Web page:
French Navy veteran PH Nargeolet (left) was in the sub along with Stockton Rush (right), CEO of the OceanGate Expedition

Five people were onboard, including British billionaire adventurer Hamish Harding and Shahzada Dawood and his son Suleman, who was just 19


Maximum depth: 13,123 ft (4,000m)

Capacity: Five people (one pilot and four crew members)

Pressure vessel material: Carbon fibre and titanium

Overall dimensions: 22ft x 9.2ft x 8.3ft high (670cm x 280cm x 250cm)

Weight: 23,000 lbs (10,432 kg)

Speed: 3 knots

Life support: 96 hours for five crew

Tickets for the expedition cost up to $250,000 (£195,000) per person.  

Authorities came to the conclusion that the implosion had occurred due to the small size of the fragments, detected by the underwater robotic equipment. 

‘The debris field of multiple small parts show the catastrophic and rapid failure of the sub which has imploded extremely quickly,’ said Dr Jasper Graham-Jones, associate Professor in Mechanical & Marine Engineering at Plymouth University. 

At the moment, the cause of the catastrophic implosion is unclear, although it could have been triggered by a defect in the sub that built up over time. 

Underwater robots will remain on the scene of the debris field in an attempt to gather more information that could reveal the cause. 

‘This craft has lasted 25 runs down to Titanic and back to the surface,’ said Dr Graham-Jones. ‘Each return run would put cracks in the pressure bulkheads. 

‘This might be small and undetectable to start but soon become critical and produce rapid and uncontrollable growth. 

The US Coast Guard announced the devastating news on Thursday that robotic search devices had found a ‘debris field’ close to the Titanic wreck

An aerial view from the US Coast Guard of the search for the missing Titan at the Titanic wreck site. The sub imploded killing all five of the crew members instantly, experts say 

As for what happens Dr Dale Molé, former director of undersea medicine and radiation health for the US Navy, said the deaths would have been quick and painless.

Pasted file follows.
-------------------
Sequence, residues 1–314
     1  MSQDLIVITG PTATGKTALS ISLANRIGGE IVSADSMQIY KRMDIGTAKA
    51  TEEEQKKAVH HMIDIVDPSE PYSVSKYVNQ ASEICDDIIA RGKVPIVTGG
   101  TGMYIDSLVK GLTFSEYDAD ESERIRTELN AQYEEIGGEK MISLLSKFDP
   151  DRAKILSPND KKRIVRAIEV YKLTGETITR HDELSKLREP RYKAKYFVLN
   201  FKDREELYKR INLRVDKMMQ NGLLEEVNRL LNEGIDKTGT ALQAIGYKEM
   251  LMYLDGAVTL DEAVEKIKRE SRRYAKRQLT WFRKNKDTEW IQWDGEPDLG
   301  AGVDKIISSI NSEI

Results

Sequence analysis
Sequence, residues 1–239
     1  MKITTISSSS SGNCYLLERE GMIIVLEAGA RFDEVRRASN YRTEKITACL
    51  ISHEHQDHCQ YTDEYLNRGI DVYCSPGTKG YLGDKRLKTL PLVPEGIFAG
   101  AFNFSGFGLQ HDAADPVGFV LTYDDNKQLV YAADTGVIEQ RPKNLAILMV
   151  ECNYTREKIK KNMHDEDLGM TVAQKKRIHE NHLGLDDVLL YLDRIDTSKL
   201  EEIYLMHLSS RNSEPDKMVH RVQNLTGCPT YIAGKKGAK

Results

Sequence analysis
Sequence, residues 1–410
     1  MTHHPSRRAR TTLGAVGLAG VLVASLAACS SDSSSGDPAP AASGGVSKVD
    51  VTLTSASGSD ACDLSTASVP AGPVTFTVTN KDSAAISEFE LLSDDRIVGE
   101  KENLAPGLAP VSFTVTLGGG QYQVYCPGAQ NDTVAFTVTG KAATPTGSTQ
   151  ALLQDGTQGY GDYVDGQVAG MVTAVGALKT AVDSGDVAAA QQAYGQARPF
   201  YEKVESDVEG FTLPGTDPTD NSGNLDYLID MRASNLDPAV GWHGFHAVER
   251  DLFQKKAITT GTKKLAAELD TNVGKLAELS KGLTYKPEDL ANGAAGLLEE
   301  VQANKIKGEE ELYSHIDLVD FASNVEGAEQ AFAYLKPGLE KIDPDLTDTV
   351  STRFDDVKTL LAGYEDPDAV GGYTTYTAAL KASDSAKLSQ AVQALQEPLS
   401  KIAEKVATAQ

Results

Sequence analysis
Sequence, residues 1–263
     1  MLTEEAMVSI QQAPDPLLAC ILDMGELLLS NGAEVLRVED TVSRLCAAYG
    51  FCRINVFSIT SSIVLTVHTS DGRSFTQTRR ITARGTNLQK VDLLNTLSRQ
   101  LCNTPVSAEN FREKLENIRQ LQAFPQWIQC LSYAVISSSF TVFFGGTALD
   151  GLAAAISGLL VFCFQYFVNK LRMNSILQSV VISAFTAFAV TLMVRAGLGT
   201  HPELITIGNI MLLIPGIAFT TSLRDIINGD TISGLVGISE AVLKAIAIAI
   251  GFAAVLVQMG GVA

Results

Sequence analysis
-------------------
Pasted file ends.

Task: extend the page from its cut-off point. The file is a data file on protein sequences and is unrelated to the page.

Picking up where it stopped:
The five men would have died almost instantly by the extraordinary forces exerted by the ocean at depth, which is subjected to enormous pressure. 

‘It would have been so sudden, that they wouldn’t even have known that there was a problem, or what happened to them,’ Molé said. 

‘It’s like being here one minute, and then the switch is turned off. You’re alive one millisecond, and the next millisecond you’re dead.’

James Cameron blasts hunt for Titan as ‘prolonged nightmarish charade’: Director claims US knew vessel had ‘imploded’ HOURS after it lost contact

Titanic director James Cameron said he predicted Titan’s implosion days before the debris from the missing submersible was found, calling the search a ‘prolonged nightmarish charade’.

Mr Cameron, also a submersible expert who has visited the world’s most famous seawreck 30 times, said the new tragedy has parallels with the 1912 disaster.

The five on the Titan were killed instantly when the submersible suffered a ‘catastrophic implosion’ just 1,600ft from the bow of the wrecked ocean liner, the US Coast Guard announced yesterday. 

A remotely operated submarine from a Canadian ship found debris on the ocean floor.

Mr Cameron told BBC News that the search ‘felt like a prolonged and nightmarish charade where people are running around talking about banging noises and talking about oxygen and all this other stuff’.

‘I knew that sub was sitting exactly underneath its last known depth and position. That’s exactly where they found it,’ he said.